The town is set equidistantantly between the three nearest Massachusetts Bay Transportation Authority stops, in Mansfield, Attleborough Center and South Attleborough. The Greater Attleboro Taunton Regional Transit Authority provides bus services between the local towns and cities. The nearest national-level airport is T.F. Green Airport in Rhode Island, approximately 23 miles away, and the nearest international airport is Logan International Airport in Boston, approximately 42 miles away.

Points of interest[edit]

Little Red Schoolhouse

Youth Sports Programs[edit]

  • North Soccer Club www.northsoccerclub.com
  • Little North Attleborough League
  • Metro Basketball
  • Park and Recreation soccer, field hockey, basketball, and softball

Historic[edit]

Natural[edit]

  • Edward Sheehy Memorial Ski Slope
  • Falls Pond
  • Hoppin Hill Reservoir
  • Whitings Pond
  • Bungay Lake
  • Mount Hope Cemetery and Arboretum
  • National Fish Hatchery
  • Balancing Rock in WWI Park

Places of worship[edit]

Catholic

  • Sacred Heart, 58 Church St
  • St. Mark's, Stanley St., Attleborough Falls
  • St. Mary's, Park St.

Interdenominational

  • Twin Rivers Community Church, 23 Washington Street, downtown North Attleboro

Jewish

  • Congregation Agudas Achim, Robert Toner Blvd. & Kelley Blvd.

Non-denominational

  • Church of Christ, 444 Kelley Blvd.

Protestant

  • Attleboro Area Council of Churches, 505 North Main St., Attleboro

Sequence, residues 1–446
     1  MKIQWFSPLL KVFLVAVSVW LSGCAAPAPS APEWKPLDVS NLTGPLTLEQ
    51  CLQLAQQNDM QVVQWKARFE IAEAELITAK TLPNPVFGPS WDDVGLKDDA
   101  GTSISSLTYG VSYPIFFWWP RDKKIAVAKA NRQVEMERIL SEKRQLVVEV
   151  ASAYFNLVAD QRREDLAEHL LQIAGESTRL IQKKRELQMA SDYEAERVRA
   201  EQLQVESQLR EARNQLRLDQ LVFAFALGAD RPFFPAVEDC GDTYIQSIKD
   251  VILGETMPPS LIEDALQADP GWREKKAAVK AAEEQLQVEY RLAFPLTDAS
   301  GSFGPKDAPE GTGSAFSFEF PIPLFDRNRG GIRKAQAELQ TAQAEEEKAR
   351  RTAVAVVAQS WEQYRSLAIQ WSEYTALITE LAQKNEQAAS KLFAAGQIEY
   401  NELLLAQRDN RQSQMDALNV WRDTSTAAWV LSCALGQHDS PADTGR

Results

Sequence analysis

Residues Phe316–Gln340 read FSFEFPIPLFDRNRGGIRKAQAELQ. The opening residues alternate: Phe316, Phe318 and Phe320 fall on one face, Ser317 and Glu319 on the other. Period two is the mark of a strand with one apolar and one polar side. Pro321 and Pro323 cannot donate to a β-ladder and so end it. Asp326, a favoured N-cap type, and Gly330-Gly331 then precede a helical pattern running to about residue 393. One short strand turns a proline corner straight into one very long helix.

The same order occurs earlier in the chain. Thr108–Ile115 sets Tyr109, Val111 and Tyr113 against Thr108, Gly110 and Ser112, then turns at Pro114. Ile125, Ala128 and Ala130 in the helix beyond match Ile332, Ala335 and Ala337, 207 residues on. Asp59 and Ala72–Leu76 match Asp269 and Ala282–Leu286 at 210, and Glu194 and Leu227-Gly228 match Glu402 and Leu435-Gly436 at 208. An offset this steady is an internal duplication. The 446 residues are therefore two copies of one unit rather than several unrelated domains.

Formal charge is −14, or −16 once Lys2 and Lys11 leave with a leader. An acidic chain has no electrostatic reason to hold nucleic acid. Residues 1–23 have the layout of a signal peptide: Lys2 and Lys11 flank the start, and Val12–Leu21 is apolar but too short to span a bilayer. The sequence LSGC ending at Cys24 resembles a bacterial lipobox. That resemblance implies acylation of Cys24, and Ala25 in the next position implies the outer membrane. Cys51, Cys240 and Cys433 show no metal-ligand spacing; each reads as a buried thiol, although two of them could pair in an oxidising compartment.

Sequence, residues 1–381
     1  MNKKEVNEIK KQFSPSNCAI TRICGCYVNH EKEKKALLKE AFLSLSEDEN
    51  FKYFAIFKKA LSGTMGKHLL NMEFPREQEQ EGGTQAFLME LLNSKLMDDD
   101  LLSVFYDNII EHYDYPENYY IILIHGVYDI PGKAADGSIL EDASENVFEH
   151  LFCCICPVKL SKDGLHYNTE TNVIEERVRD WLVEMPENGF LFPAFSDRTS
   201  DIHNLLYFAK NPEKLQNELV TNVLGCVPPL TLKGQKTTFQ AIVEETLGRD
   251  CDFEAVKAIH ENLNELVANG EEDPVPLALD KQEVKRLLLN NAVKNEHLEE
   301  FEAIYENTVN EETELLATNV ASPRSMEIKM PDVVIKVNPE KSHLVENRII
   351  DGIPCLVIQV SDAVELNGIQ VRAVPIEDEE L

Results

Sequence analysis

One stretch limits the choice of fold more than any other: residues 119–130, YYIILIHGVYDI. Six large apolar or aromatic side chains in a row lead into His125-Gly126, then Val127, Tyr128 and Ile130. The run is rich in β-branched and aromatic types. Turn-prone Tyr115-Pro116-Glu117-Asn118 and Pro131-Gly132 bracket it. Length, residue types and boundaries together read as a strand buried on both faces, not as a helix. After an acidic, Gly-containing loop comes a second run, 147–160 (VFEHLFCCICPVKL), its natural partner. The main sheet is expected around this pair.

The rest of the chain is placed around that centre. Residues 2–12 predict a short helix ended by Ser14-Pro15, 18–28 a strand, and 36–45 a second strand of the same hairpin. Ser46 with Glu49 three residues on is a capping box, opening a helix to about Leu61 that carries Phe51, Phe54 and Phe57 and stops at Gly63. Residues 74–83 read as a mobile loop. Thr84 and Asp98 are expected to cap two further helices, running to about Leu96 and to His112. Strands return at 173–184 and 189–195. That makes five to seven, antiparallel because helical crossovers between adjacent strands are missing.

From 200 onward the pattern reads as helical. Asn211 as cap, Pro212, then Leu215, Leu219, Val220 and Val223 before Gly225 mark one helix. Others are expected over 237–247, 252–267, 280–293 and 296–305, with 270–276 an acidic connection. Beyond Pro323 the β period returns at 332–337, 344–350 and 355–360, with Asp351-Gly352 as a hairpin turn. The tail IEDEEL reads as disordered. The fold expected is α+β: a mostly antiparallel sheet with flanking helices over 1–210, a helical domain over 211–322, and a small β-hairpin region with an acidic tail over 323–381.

• Central Congregational Church, 115 Commonwealth Ave. Attleborough Falls
  • John Wesley African Methodist Episcopal Church, on the corner of Broad & Grove Sts.
  • Cushman Union Church, 2 May St., Adamsdale
  • First Baptist Church, No. Washington & Park Sts.
  • First Congregational Church, 675 Old Post Road, Known as "Oldtown Church"
  • First United Methodist, Routes 1 & 120
  • Grace Episcopal, 104 No. Washington St., downtown North Attleborough
  • Twin Rivers Community Church, 23 Washington Street, downtown North Attleboro
  • Waters Church, 15 John L. Dietsch Blvd.

General[edit]

  • YMCA Downtown Teen Center (The Zone)
  • Emerald Square Mall

Current and former residents[edit]

Joseph William Martin, Jr. was twice Speaker of the United States House of Representatives and a longtime resident of North Attleborough

In popular culture[edit]

References[edit]